Guyana’s growing mental health challenges have been a cause for concern over the years. Apart from being consistently ranked by the World Health Organisation (WHO) among the top five countries with the highest suicide rate, 20 percent of Guyana’s population suffers from mental health issues.
Recognising the dire need to build mental health capacity, the University of Guyana (UG), through its College of Medical Sciences, on Tuesday launched its mental health nursing programme – Bachelor of Science in Mental Health Nursing.
Describing Tuesday’s launch as historic, the Director of UG’s Nursing School, Dr Noel Holder, has said the programme had been in the making for several years.
According to Holder, mental health services in Guyana are sporadic, and not functioning in some areas, even though there are several mental health issues.
“We have no nurse who is trained in mental health or psychiatric nursing at the bachelor’s level. Nursing care at the National Psychiatric Referral Hospital is provided mainly by trained psychiatric patient care assistants,” he said.
He added that in a 2018 study by the World Health Organization, Guyana was cited as the country with the third-highest suicide rate – 29 deaths per 100,000 inhabitants. That same study, he noted, also highlighted that over one billion people globally struggle with issues related to mental health, including self-harm, depression and substance abuse.
“These are especially seen in low-income countries and Third World countries, where mental health services are fragmented,” he explained.
In Guyana’s case, the Nursing School Director pointed to the lack of research and policies for mental health, as well as barriers affecting persons seeking mental health services.
He added, “The stigma continues to exist in these mental health illnesses. It hinders the effort to provide appropriate mental health services. Poor mental health can contribute to a number of things…low productivity, weak civic society to high disease burden… all of these can lead to traumatic experiences.”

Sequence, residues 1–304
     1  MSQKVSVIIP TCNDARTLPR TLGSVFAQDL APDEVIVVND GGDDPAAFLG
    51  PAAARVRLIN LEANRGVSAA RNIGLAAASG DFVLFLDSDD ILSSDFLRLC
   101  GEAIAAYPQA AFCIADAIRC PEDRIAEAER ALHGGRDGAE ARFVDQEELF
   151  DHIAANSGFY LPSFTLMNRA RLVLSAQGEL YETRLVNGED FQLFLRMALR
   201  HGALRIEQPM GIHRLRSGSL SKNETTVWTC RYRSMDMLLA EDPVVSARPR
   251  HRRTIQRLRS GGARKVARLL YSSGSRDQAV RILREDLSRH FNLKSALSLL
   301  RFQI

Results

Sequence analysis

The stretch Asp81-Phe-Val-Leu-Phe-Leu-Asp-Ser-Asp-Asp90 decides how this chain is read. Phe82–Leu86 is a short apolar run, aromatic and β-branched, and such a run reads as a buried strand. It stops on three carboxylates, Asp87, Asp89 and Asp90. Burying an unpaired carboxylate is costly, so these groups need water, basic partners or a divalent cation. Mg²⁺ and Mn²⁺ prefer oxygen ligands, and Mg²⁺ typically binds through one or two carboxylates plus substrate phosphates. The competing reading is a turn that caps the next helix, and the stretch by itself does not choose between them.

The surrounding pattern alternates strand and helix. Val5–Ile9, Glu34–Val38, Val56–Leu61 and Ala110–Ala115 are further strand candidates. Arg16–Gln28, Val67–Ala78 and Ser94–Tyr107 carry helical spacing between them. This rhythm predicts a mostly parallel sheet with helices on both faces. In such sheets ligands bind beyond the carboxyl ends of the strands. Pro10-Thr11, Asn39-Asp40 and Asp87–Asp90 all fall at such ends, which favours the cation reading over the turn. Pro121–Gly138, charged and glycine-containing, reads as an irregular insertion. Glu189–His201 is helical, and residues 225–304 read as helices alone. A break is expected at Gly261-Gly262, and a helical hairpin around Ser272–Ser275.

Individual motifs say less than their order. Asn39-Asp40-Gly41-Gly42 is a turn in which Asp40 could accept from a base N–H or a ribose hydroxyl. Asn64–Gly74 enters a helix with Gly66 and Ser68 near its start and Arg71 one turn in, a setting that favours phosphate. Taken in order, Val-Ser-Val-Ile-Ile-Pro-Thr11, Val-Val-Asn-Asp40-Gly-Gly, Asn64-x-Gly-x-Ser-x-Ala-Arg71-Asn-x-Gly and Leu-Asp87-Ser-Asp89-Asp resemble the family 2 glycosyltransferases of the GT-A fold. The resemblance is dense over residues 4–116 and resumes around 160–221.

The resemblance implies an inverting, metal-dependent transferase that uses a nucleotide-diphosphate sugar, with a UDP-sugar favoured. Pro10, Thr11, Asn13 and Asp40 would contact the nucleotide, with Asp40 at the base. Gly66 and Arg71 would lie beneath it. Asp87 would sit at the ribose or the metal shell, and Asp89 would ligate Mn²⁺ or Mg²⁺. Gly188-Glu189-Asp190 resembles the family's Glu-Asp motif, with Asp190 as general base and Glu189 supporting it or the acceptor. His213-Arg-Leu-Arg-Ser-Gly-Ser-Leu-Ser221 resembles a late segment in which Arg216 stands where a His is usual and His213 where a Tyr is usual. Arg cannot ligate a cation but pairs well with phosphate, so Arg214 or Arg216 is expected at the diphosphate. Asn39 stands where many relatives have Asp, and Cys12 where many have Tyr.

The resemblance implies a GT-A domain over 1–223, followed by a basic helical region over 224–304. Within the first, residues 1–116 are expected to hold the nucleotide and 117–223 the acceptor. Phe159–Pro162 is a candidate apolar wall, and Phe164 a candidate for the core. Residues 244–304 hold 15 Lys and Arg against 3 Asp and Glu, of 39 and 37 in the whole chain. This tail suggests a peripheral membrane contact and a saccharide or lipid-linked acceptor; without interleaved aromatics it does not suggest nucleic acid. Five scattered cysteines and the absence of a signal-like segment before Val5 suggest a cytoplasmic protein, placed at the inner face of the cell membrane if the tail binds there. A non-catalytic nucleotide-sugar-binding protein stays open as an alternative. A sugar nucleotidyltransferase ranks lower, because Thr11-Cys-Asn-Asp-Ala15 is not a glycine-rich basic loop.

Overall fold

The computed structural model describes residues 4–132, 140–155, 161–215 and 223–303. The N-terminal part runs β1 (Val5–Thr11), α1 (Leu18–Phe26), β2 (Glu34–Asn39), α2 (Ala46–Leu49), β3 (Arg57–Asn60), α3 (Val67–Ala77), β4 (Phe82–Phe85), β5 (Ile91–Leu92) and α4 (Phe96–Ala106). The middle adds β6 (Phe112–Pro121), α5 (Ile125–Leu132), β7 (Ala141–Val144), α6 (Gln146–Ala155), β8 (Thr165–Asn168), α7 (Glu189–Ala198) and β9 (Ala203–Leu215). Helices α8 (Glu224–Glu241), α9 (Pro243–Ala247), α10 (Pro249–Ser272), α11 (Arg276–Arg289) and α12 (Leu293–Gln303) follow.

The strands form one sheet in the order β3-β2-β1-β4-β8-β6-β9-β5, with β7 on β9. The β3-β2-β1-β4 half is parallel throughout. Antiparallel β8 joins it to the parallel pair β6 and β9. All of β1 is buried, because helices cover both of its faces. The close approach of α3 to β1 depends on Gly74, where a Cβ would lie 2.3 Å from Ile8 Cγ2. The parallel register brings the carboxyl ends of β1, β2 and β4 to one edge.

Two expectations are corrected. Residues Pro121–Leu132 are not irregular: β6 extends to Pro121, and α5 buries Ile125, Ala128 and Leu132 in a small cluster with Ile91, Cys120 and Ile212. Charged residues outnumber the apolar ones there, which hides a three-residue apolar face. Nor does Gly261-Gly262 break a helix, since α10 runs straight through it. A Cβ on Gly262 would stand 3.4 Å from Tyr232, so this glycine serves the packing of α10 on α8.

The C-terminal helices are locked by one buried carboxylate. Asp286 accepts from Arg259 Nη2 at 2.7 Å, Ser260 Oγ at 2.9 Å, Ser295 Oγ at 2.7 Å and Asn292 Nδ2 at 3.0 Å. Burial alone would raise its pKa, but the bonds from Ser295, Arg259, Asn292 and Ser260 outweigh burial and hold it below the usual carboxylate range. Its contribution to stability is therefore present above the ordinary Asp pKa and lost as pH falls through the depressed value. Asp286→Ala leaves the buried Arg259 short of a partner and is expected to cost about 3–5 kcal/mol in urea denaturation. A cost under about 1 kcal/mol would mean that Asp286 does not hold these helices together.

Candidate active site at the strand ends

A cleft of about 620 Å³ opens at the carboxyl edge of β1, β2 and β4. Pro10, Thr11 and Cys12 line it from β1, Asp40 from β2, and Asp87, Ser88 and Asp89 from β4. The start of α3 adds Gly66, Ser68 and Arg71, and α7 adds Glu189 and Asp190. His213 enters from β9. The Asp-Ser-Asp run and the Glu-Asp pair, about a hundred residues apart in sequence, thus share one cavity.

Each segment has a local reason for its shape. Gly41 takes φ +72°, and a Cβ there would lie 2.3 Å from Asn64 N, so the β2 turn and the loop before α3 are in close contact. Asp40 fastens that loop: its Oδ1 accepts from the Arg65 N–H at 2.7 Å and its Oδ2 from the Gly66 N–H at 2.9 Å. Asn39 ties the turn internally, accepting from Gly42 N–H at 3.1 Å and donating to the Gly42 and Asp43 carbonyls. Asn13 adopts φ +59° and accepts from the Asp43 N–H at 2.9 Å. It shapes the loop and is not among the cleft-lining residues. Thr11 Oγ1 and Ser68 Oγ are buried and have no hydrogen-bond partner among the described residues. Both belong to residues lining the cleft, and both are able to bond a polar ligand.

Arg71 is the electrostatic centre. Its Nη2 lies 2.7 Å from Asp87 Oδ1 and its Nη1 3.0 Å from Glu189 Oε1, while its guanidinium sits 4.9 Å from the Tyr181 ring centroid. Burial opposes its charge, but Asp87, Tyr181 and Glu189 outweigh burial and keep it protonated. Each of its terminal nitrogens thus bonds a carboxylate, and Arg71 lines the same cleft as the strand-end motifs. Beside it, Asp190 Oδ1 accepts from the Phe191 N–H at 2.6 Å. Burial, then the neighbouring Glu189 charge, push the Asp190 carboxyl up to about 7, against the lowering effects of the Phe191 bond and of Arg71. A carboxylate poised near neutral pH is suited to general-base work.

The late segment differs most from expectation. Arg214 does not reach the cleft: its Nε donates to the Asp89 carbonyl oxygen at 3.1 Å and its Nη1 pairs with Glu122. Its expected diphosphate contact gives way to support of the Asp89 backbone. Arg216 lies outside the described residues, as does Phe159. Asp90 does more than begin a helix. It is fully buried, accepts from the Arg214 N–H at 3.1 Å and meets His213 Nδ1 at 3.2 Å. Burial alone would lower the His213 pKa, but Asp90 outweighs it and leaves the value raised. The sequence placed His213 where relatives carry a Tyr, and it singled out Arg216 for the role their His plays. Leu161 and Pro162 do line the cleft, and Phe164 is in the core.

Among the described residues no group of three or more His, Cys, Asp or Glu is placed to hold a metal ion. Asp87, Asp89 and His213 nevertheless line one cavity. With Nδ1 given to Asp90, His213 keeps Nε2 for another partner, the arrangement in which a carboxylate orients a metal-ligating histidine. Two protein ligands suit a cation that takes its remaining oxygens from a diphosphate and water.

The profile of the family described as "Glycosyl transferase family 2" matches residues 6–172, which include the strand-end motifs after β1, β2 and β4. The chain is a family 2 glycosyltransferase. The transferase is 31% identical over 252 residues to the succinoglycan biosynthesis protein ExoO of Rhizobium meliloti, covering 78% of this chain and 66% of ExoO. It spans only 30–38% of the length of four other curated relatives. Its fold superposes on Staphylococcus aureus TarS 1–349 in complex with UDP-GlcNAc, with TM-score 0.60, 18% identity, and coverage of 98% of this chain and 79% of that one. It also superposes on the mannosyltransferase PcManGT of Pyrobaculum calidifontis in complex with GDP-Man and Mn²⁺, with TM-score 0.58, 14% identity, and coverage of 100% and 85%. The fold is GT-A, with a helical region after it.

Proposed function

With the launch of the mental health nursing degree, Holder said, UG is aiming to have nurses who are trained in mental health to address the current shortage.
“We want to provide relevant and scientifically sound training, in keeping with global standards. We want to bridge the existing gap in mental health care, and to provide a continuous supply of trained mental health nurses in all 10 regions.”
In wake of the COVID-19 pandemic, he disclosed, Guyana, like the rest of the world, has experienced high levels of mortality and morbidity, which have affected families and individuals. He pointed out that the onset of the pandemic has also given rise to intimate-partner violence, gender-based violence, economic hardships, and lack of access to services.
In light of the foregoing, he noted, the introduction of the new nursing programme is timely, “because there is an imminent public health crisis waiting to happen in Guyana, as it has begun to show its head in the rest of the world.”
Moreover, he said it is hoped that the Government would purposefully award scholarships in this field to those nurses who fit the criteria, to help facilitate sustainable human resources.
Meanwhile, UG Vice-Chancellor Dr Paloma Mohamed-Martin has said the university is focused on offering programmes to enable people to be better in every way. According to her, the degree in mental health nursing is in addition to the diploma, degree, and master’s being offered in psychology, as well as the master’s in psychiatry and the diploma and degree in social work.
Mohamed-Martin disclosed that the university has created a mental health policy, something it has never had before, on how it should treat students and staff who have mental health issues. She explained that the policy has to lead to classification of mental health illnesses as disabilities within UG.
According to her, approval has been granted for a slew of mental health professionals to give support to UG’s counselling department, “to help to put teeth onto those policies; and then, of course, the newest one, which is still in draft, is our disabilities policy, which is called an inclusion policy which looks at physical and other disabilities, and, as I said, includes certain classes of mental health illnesses as disabilities.
“The university wants to be at the forefront of not only helping to create practitioners to help to solve these problems, but at the forefront of research. A lot is going on, a very fertile place for study… action, policy…and of course care and love. This is what we want to see come out of the university, spill into the nation, because what we do is create the best resources, both in terms of people, knowledge, and policy for our country in this area. It has been neglected for a long time,” the Vice-Chancellor added.